As joyful as it can be to write when you want to the opposite is true if you don't want to. It seems that everyone wants to do it and to learn how to do it but it is about a huge investment in time, discipline, and faith. Where does one find the confidence to chose a path anyway? There are so many options.
They tell me the public brought paranormal to the fore, but the many half vampire, half werewolf, half of somethings make me cringe. It's almost as if we've got this new material but we've got to do the same things with it. We go for newness but somehow we can't arrive. Newness must arrive with the person themselves, who they are and what they think and what they write cannot be separated. I get these impressions from the huge amount of reading that I do, almost a book a day and no, I am not joking. What I get is a tiredness of this glut of stories, a sense of sameness, that I'm reading the same thing over and over. What I want is unpredictability in story even as it is in life. The thing that books did for me when I was between being a child and an adult doesn't happen now. This overwhelming sense of possibility.
Being a writer is an odd thing, people study it and even so I don't think it has parameters. The simple telling of story seems to be enormously complicated.
NEVER start a story with a character waking up.
NEVER change point of view
NEVER start with It was a dark and stormy night unless you are Snoopy the dog.
NEVER have the main character be the murderer or an awful person.
NEVER tell a characters dream in detail
NEVER use the passive voice, actually this is very useful.
NEVER use exclamation points.
NEVER have the answer be aliens did it unless things are exceedingly odd all around during the story.
NEVER forget to enclose a self addressed postage paid envelope
NEVER call editors constantly or make a pest of yourself. I'm told publishing is a small world.
NEVER use colored paper or confetti or perfumed paper.
NEVER have characters on drugs or depict drugs in any other way than dangerous, deadly, and unsavory
NEVER say love does not exist. Make those dreams come true at least on the page.
I think it wise to remember that people who do read like some wordplay and things of that nature because they love words. That's why they are reading.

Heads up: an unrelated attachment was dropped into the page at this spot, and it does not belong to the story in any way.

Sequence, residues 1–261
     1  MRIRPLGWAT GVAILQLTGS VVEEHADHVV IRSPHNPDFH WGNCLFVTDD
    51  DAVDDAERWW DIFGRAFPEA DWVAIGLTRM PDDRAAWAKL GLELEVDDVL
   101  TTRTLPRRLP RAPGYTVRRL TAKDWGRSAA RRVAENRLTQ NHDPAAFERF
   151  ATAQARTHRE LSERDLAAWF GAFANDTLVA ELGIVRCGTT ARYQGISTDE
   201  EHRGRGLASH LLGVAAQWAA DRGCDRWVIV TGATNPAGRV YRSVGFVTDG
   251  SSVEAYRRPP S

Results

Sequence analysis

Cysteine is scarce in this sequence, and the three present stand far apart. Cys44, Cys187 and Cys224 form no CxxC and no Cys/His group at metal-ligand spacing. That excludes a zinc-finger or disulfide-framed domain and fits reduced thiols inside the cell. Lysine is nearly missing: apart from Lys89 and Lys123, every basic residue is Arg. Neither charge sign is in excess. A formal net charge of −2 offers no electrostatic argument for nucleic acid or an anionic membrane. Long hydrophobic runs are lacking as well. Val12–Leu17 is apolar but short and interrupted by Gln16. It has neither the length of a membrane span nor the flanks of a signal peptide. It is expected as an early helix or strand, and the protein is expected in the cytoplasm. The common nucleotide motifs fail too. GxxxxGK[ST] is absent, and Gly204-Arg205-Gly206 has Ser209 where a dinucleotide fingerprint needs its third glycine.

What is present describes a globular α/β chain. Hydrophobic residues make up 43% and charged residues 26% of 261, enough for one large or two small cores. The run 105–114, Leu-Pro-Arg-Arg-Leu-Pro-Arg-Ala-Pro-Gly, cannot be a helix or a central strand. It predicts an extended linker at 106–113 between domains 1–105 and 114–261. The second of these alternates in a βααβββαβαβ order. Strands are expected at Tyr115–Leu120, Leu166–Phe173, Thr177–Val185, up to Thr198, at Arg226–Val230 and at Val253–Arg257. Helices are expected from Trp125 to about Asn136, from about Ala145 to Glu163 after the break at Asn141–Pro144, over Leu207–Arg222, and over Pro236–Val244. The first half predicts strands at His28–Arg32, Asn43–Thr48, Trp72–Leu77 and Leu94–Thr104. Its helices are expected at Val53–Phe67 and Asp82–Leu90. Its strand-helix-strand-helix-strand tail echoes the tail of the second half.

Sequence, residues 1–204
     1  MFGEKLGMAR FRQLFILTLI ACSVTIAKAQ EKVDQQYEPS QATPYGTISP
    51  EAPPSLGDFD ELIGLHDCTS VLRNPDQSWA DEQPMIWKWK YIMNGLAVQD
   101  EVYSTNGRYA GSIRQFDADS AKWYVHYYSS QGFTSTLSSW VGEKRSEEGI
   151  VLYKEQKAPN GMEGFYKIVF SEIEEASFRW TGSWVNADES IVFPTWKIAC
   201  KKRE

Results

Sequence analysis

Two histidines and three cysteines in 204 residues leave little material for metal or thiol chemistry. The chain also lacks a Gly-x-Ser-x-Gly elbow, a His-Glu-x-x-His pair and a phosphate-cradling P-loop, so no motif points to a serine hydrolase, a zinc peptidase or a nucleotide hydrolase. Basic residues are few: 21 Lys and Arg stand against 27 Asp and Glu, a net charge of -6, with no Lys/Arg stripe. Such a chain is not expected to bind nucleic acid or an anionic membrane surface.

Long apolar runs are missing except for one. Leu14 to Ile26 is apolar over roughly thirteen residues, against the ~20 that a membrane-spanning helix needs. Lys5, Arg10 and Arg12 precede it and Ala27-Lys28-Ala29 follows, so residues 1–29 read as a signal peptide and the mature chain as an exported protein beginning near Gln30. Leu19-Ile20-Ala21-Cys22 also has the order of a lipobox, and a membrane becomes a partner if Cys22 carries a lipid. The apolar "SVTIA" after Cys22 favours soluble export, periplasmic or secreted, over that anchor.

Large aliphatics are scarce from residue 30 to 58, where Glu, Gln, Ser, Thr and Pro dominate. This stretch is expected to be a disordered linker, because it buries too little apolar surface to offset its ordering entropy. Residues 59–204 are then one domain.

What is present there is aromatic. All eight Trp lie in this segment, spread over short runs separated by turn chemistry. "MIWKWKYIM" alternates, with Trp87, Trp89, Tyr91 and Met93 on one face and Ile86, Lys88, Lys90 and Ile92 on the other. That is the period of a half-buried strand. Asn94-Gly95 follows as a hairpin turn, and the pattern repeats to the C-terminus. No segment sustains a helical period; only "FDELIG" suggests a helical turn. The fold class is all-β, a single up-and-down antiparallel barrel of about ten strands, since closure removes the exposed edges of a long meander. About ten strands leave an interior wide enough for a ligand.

This is a list of advice I've read or been given. It is not I who is wise and know these things. I do however, cook a mean fried chicken.
Friday, April 8, 2011
This book is like a very long interview with the rocker and guitarist for the Rolling Stones. The strangest thing about it are the things he says about drugs and his drug use, and how they kept throwing him in jail and two years later they were naming streets in his native part of London after his songs. He says that he wrote the music and Jagger would do the words, which didn't suprise me. I was suprised that Jagger can play, he just doesn't do so onstage. As for Brian Jones in this memoir he comes off looking not so good, a man who was violent with his girlfriends and often so stoned he couldn't contribute to a recording session even if he did manage to get there. As for his death Keith says that he was so self-destructive that he himself was to blame for his death regardless of all the theories that maybe the guy he hired as a contractor killed him. For anyone who does not know, Brian was found dead in his own swimming pool the same night there was a party at his house. He is perhaps most known for playing the sitar on "Paint It Black" Keith has shown regret and shame in interview but not over his drug use, but over the fact he took Brian's girlfriend Anita away from him sometime in the late sixties. I see it that way, the way he stares defiantly at the interviewer. Somehow he is ashamed. In his new book he says he rescued Anita from a violent Brian, but it is odd how Anita goes from Brian to Keith to Mick. Anita was with Keith the longest, for many years and supposedly with Mick only once. It is like that song "You're So Vain" where she sings "You're with some underworld spy or the wife of a close friend, wife of a close friend." I used to think for that reason that song was about Mick Jagger, but now it seems to be about Warren Beatty. Beatty says it is about him, just as the song says. Marianne Faithful, singer of "As Tears Go By" and Mick's girlfriend claims she went to bed with three of them in an interview. Perhaps most telling of all, Keith writes Gimme Shelter while Anita is filming Performance with Mick and he suspects having an affair with her. Looking back on it, he says maybe that song had something to do with that though at the time he didn't make that connection. I rather think these proper English boys are so out of touch with their feelings, and when Keith writes about Mick he leaves out a lot. He says that Mick is his "mate" but on one tour they refused to talk to each other at all so had to speak to each other through other people. I can imagine people running back and forth with "messages" So perhaps this book, as very thick as it is, leaves a lot of unanswered questions after all. I have an idea that Keith is not very introspective and perhaps doesn't know exactly how to put things into words at all. I was suprised how much of the book I already knew. Perhaps that is why Keith writes songs, to say the things he cannot say.